Sunday, April 02, 2023

NOT RECOMMENDED: "California Native American Tribes" series by Mary Null Boulé

If your library has a copy of one of the 26 books in the "California Native American Tribes" book series, get it off the shelf. Let's take a look at it. My hope is that you will see it ought to be weeded, immediately. 

The series is written by Mary Null Boulé. They came out in 1992, and were published by Merryant Publishers. 

The books are similar. They begin with a section of "General Information" that starts out with:
Out of Asia, many thousands of years ago, came Wanderers. Some historians think they were the first people to set foot on our western hemisphere. These Wanderers had walked, step by step, onto our part of the earth while hunting and gathering food. They probably never even knew they had moved from one continent to another as they made their way across a land bridge, a narrow strip of land between Siberia and what is now Russia, and the state of Alaska. 

Historians do not know exactly how long ago the Wanderers might have crossed the land bridge. Some of them say 35,000 years ago. ...

Those Wanderers who made their way to California were very lucky, indeed. California was a land with good weather most of the year and was filled with plenty of plant and animal foods for them to eat. 

Most people remember "the land bridge." But most people do not realize that it is a theory. Boulé gestures to it being a theory when she says "Some historians think..." but the rest of the paragraphs present that theory as if it is a fact. It is not a fact! 

Recently I was in the San Marcos, California area for a workshop. The main presenter was Nicole Myers-Lim, director of the California Indian Museum and Cultural Center in Santa Rosa, California. She began her remarks by saying that nearly every fourth grade textbook incorporates the Bering Strait Doctrine into its content on California Indian history. There are several other, more recent theories, about how humans came to exist on the continents known as North and South America.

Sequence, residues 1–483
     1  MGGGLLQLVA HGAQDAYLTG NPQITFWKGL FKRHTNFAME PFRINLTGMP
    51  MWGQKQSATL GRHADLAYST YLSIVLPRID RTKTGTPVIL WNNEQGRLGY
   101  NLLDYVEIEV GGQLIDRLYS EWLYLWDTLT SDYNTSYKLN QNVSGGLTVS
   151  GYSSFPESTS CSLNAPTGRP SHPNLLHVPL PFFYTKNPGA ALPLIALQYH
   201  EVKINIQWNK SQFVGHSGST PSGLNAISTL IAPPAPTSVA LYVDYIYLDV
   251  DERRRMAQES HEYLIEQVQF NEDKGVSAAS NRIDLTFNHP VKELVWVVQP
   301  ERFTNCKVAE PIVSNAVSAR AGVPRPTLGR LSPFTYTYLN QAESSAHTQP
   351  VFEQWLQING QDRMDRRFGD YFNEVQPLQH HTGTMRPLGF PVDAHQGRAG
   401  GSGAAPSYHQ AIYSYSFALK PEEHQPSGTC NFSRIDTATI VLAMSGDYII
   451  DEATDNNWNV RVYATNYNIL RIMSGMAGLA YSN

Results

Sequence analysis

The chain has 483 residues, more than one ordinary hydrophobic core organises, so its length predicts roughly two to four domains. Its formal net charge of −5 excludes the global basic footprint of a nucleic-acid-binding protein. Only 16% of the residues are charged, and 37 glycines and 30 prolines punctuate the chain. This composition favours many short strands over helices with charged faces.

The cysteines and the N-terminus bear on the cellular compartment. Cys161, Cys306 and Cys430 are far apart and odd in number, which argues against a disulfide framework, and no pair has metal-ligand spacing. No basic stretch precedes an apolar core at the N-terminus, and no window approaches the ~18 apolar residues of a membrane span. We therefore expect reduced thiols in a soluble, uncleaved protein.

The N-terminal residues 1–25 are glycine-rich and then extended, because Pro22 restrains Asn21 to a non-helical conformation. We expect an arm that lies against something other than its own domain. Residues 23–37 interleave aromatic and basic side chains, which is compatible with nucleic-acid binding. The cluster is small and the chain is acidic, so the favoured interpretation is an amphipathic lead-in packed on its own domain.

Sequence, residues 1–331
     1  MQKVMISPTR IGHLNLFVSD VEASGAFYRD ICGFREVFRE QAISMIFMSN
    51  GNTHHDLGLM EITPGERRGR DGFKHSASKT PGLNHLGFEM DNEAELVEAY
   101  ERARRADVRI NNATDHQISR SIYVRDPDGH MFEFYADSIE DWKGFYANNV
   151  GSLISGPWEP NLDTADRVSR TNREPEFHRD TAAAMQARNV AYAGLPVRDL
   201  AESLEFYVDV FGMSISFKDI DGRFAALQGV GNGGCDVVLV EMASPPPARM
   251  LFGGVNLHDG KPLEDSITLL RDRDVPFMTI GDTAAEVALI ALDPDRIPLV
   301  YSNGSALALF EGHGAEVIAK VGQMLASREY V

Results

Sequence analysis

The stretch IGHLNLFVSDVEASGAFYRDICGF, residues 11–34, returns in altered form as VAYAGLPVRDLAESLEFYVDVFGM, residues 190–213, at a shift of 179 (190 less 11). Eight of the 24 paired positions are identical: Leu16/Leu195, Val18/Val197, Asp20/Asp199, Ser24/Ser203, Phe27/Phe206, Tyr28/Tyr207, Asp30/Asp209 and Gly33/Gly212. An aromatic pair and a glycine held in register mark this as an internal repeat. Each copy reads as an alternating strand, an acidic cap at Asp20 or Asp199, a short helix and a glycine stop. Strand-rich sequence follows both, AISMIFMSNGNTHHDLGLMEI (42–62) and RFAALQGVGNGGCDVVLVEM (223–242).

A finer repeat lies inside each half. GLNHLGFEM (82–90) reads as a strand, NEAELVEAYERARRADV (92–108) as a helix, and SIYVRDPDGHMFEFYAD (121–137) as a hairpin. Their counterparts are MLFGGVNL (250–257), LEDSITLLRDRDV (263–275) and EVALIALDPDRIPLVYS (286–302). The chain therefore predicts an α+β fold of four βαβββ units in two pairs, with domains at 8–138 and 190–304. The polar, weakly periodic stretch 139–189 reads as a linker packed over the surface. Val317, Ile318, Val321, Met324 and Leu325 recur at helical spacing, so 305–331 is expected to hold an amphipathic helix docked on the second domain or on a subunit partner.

If you're a teacher or parent who has access to a history textbook being used right now in your school, take a look. How does it present that theory? 

As I page through the books in the California Native American Tribes series, I see text and sketches that make me cringe: 
Not only did the California tribes speak different languages, but their members also differed in size. Some tribes were very tall, almost six feet tall. The shortest people came from the Yuki tribe which had territory in what is now Mendocino County. They measured only about 5'2" tall. All Native Americans, regardless of size, had strong, straight black hair and dark brown eyes. 
That's just one example. Through and through, the text and illustrations feel like grotesque anthropology books that suggest Native people no longer exist. The Boulé books are riddled with past tense verbs. They look and feel like dioramas that museums, like the University of Michigan's Museum of Natural History, are abandoning. Here's an excerpt from the article:

What may have been once an effective means to portray how artifacts were used in context of early Native American civilization has become inexpedient, often evoking pejorative connotations, and sometimes fostering perceptions of Indians as “frozen in time,” said Amy Harris, director of the University of Michigan’s Exhibit Museum of Natural History. 

In early January, 14 dioramas at the museum will be taken from public viewing and placed in storage. Until then, Harris said the dioramas are a catalyst for a broader discussion about the role of museums, and the proper portrayal of Native Americans, the only people relegated to be “presented” in natural history museums. 

“We were concerned that we were leaving the impression that Native Americans are extinct, just like the dinosaurs on the second floor,” said Harris, who, since 2000 has met regularly with a range of constituents, including U-M faculty, students and Native Americans around the state. The goal was to gauge the effectiveness of exhibits. Harris soon found out the dioramas were offensive and perpetuated negative attitudes. 

Some of you may cringe, too, reading the paragraph from the Boulé book, but you might be saying 'well, that's what they thought back then' when the series came out in 1992.

I urge you to revisit that justification. Who is 'they' in that way of thinking? That justification suggests such things no longer happen. But the thing is, books with that sort of thing come out, today, in 2023. And I see the Boulé books on library lists of recommended books, today! If you're using them or recommending them, stop! They're completely unacceptable. The paragraphs from the University of Michigan's director can help you think more critically about books -- old or new -- that have a land bridge theory or frozen-in-the past depictions of Native people.